By James C. Walker, Executive Director of the NMA Foundation, and the NMA Staff
The National Highway Traffic Safety Administration, NHTSA, ordered the recall of 60 million Takata airbags – which could ultimately affect 100 million vehicles around the world – because the inflators can blow apart and turn into deadly shards of shrapnel when the bags deploy. There have been at least 16 deaths and well over 100 injuries. The cause was the use of cheaper technology with ammonium nitrate as the propellant, but that chemical can deteriorate over time with temperature and humidity changes and become dangerously explosive on deployment.
Many automakers purchased the Takata airbags because they were cheaper, but the dangers did not become apparent for many years, so the size of the recall is massive. It takes time for parts manufacturers to gear up to design and produce enough replacement airbags with safer technology, along with their needs to produce units for new vehicle production. This led to long delays for vehicles to have safer new parts available. Fewer than half the driver side bags and less than a third of the passenger side ones have been replaced. Some automakers have offered “interim” replacements of new units with the old technology that have not had time to deteriorate, while waiting for the safer style parts to become available. And vehicles operated in southern states with higher temperatures and humidity have been given recall parts priority over vehicles in northern states.
Toyota offered to disconnect the dangerous airbags if customers so desired. NHTSA immediately advised owners to not disconnect the units because only a small percentage deploy dangerously and a disconnected bag offers no crash protection. Your defective airbag may kill or maim you but best to roll the dice in case of an accident.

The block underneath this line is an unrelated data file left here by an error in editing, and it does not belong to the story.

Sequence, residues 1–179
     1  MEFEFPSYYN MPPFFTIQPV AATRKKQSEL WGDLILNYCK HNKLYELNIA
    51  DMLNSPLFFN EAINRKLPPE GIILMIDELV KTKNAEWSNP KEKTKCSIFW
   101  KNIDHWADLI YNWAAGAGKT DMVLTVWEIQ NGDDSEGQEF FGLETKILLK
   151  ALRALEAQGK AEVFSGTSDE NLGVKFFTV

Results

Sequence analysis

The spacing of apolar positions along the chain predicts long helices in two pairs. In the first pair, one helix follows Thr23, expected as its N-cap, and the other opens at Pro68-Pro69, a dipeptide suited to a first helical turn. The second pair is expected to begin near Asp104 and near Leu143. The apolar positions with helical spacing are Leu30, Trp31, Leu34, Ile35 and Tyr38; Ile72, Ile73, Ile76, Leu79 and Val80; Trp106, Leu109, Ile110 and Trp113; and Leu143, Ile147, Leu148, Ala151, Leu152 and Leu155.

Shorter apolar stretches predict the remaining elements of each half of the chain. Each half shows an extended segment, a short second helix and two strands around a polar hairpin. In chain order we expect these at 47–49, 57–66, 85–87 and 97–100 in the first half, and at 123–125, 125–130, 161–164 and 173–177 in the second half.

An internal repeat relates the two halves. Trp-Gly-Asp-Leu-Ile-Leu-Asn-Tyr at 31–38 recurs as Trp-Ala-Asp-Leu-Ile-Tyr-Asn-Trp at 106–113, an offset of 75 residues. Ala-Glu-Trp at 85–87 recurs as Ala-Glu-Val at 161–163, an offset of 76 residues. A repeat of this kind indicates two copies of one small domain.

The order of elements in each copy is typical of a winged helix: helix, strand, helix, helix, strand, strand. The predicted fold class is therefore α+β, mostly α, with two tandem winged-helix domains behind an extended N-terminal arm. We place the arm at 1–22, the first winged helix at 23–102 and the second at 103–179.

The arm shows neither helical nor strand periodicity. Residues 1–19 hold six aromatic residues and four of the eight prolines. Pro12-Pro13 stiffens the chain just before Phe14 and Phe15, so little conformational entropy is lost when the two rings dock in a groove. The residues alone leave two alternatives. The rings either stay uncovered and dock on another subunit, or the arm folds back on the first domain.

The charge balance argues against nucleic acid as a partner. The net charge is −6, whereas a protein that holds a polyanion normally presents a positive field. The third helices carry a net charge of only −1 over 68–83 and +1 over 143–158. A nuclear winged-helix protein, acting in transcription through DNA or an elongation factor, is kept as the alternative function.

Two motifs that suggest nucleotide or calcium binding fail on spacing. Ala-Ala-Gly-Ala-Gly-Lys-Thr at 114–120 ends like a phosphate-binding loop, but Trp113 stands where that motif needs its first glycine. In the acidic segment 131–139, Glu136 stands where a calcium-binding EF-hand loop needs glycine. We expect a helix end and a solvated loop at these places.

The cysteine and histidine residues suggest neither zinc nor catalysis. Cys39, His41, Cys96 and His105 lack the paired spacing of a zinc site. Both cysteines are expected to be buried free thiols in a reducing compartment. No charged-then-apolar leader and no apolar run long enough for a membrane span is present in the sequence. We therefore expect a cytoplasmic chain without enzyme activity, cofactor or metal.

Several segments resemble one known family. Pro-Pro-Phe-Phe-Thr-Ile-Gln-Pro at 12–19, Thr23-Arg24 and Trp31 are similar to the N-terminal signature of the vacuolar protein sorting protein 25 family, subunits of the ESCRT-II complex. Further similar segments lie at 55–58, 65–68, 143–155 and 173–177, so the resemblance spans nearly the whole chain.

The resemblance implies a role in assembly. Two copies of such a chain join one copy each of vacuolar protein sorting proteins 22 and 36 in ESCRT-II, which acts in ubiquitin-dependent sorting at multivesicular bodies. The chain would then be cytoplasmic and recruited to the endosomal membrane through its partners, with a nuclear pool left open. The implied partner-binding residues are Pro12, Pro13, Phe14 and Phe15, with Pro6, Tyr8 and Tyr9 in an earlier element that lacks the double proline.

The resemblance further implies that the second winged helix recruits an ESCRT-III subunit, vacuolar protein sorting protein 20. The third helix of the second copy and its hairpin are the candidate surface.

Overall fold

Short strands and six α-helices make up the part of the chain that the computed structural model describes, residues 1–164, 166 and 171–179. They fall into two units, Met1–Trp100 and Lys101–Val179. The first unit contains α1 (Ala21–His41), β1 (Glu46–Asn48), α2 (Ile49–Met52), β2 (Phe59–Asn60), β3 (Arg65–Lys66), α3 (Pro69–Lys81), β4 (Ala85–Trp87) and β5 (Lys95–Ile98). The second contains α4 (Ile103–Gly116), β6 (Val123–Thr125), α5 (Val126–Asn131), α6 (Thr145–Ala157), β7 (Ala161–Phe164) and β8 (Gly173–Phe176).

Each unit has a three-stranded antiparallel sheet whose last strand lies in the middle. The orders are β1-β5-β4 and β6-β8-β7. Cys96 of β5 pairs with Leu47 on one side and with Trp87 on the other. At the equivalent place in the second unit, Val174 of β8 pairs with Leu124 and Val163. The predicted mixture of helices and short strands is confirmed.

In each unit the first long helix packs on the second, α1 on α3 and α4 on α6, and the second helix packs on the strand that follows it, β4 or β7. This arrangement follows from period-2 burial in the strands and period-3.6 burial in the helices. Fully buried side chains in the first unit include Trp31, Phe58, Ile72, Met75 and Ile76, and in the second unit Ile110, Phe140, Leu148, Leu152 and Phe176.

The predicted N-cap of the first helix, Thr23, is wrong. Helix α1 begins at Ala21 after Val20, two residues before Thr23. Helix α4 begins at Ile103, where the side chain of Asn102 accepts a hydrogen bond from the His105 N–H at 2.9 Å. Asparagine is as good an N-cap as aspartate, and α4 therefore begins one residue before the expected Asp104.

Toyota and Subaru even went so far as to tell customers to keep passengers out of the right front seat until the Takata airbags have been replaced. We’ve reached a time when calling “shotgun” has become a literal game of Russian roulette.
NHTSA countered by making an absurd suggestion that people ask their dealers for a loaner car until the recall could be completed. There is no chance of dealers having millions of loaner vehicles available or the desire to endure that kind of expense for months or even years until all the new style parts become available.
There is only one solution, one that NHTSA apparently doesn’t have the resolve to enforce: Order automakers with defective Takata equipment to offer each car owner a free airbag disconnection service. Let the customer decide whether to gamble with his/her own safety and that of passengers, be they family or friends. Also, rental car and leasing agencies should be required to warn potential clients of vehicles with faulty airbags before contracts are signed.
NHTSA’s mission: The National Highway Traffic Safety Administration is responsible for keeping people safe on America’s roadways. In the midst of this crisis, the agency should heed its own words.